The Block III Virginia-class Submarine is clearly one of the finest subs on the planet today – a sub Russia or China would be hard-pressed match at the moment. While a Block IV and Block IV are heading into the U.S. Navy, the Block III is clearly a force to be reckoned with: Designed for use in both the open-ocean and for littoral missions, which include anti-submarine warfare (ASW) and intelligence gathering operations, the U.S. Navy’s Virginia-class was developed to replace the more expensive Seawolf-class while still providing a capable boat to address nautical threats from near-peer adversaries in the 21st century.
The class of fast-attack submarines has been steadily improved and incorporates the latest stealth, intelligence gathering, and weapons systems technology. The numerous innovations have also significantly improved their warfighting capabilities – with an emphasis on littoral (close-to-shore) operations.
Since entering service in 2004, the Virginia-class subs have been able to support five of the U.S. Navy’s six maritime strategy core capabilities including sea control, power projection, forward presence, maritime security and deterrence. It is able to do this by providing a combination of stealth, endurance, mobility, and firepower. The SSNs have a fly-by-wire ship control system that also provides improved shallow-water ship handling, while subs were also designed to deploy special operator forces including Navy SEALS. A reconfigurable torpedo room can accommodate a large number of SOF and all their equipment for prolonged deployments and future off-board payloads.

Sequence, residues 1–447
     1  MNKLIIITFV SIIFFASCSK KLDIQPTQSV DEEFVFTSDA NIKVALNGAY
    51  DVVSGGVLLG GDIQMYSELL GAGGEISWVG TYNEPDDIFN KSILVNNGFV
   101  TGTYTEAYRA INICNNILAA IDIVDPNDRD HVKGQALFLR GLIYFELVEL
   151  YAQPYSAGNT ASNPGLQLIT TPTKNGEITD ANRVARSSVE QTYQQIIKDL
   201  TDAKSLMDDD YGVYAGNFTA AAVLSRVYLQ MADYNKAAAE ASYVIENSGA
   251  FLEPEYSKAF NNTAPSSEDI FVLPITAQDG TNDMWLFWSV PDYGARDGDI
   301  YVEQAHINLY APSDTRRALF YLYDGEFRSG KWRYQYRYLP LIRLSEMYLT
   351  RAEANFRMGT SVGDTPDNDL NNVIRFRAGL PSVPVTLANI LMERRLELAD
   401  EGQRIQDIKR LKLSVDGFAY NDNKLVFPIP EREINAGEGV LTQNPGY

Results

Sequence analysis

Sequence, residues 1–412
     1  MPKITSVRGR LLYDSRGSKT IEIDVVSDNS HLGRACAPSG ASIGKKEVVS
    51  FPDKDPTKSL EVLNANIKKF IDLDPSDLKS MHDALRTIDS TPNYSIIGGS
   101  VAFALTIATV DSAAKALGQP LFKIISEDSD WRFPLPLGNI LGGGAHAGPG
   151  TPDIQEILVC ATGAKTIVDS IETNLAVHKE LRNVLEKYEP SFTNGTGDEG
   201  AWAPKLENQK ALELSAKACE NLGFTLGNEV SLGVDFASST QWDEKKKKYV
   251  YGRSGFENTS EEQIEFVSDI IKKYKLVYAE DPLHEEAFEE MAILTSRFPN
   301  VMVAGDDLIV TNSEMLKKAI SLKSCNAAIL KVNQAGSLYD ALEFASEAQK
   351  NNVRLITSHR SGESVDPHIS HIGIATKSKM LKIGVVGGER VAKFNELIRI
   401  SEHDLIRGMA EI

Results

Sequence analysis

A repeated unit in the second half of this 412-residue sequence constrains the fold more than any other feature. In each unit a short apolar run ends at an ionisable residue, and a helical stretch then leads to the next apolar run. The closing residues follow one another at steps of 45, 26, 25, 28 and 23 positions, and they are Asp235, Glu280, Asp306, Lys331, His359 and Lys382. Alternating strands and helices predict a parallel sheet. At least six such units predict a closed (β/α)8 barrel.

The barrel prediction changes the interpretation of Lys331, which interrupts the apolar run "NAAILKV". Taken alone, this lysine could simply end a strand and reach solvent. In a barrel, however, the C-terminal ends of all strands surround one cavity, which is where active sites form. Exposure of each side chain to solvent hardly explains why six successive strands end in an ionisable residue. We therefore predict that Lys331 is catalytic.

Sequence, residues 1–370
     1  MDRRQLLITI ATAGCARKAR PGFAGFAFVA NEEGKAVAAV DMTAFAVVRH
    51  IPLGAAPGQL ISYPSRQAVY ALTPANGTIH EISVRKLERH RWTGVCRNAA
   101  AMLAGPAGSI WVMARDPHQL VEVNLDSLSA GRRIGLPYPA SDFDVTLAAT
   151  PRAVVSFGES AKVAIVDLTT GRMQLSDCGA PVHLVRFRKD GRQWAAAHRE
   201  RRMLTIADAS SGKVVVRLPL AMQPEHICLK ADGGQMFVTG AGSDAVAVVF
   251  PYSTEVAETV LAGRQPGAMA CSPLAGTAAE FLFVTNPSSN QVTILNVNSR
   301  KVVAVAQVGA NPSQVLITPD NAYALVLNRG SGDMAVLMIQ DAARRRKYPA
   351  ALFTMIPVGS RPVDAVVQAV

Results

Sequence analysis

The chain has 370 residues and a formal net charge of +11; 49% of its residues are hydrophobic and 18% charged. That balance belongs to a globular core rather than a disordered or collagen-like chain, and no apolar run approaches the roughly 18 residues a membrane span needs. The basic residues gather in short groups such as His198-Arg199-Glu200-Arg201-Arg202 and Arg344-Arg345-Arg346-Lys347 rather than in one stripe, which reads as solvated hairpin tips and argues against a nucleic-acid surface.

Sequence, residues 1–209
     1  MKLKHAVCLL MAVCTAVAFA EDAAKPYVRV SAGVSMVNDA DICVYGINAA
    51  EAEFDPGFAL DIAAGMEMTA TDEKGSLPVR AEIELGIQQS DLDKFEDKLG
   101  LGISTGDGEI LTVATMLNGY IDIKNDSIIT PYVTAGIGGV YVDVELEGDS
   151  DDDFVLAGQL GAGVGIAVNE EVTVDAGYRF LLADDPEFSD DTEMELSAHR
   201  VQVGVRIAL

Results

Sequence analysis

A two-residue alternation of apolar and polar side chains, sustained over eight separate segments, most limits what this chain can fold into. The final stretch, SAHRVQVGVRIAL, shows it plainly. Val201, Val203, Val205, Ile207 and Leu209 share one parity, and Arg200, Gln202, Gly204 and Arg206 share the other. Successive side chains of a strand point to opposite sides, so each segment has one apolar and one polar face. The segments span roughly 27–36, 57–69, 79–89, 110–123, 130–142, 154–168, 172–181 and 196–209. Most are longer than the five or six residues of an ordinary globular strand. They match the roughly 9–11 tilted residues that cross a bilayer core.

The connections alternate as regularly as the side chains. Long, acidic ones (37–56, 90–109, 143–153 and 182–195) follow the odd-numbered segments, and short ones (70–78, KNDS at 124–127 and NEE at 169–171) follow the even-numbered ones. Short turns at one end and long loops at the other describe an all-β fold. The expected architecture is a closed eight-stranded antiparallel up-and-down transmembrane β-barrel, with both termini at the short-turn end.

The Block III Improvements
Eight submarines – SSN-784 to SSN-791 – make up the Third Block or “Flight.” About 20 percent of the Block III was redesigned to lower acquisition costs and increase flexibility.
These “Block III” Virginia-class boats feature technology from the Ohio-class SSGNs, notably the replacement of 12 vertical launch tubes for Tomahawk Land Attack Missiles (TLAMs) with two larger 87-inch diameter tubes that are able to fire larger payloads, each housing six TLAMs.
The other significant improvement with the Block III Virginia-class subs was with its air-backed sonar sphere to a water-backed Large Aperture Bow (LAB) array, which replaced the spherical main sonar array that had been used on all U.S. Navy SSNs since 1960. It was further meant to help reduce life-cycle costs while providing enhanced passive detection capabilities. The LAB Array features two primary components: a passive array, which was meant to provide improved performance, and a medium-frequency active array.
In addition, the Block III boats also were designed to utilize transducers from the SSN-21 Seawolf-class that were developed to last the life of the hull.
The first submarine of the Block III, USS North Dakota (SSN-784) was laid down in May 2012, and commissioned in October 2014; while the final boat, USS Delaware (SSN-791) was commissioned administratively in April 2020 – and due to the Covid-19 pandemic became the first-ever U.S. warship commissioned while underwater. SSN-791 finally had an official commissioning ceremony on April 2, 2022, at the Port of Wilmington, Delaware.
Each Virginia-class submarine has a 33-year service life, which means the current Block III boats could be in service well into the 2040s and beyond.
Now a Senior Editor for 1945, Peter Suciu is a Michigan-based writer who has contributed to more than four dozen magazines, newspapers and websites. He regularly writes about military hardware, and is the author of several books on military headgear including A Gallery of Military Headdress, which is available on Amazon.com. Peter is also a Contributing Writer for Forbes.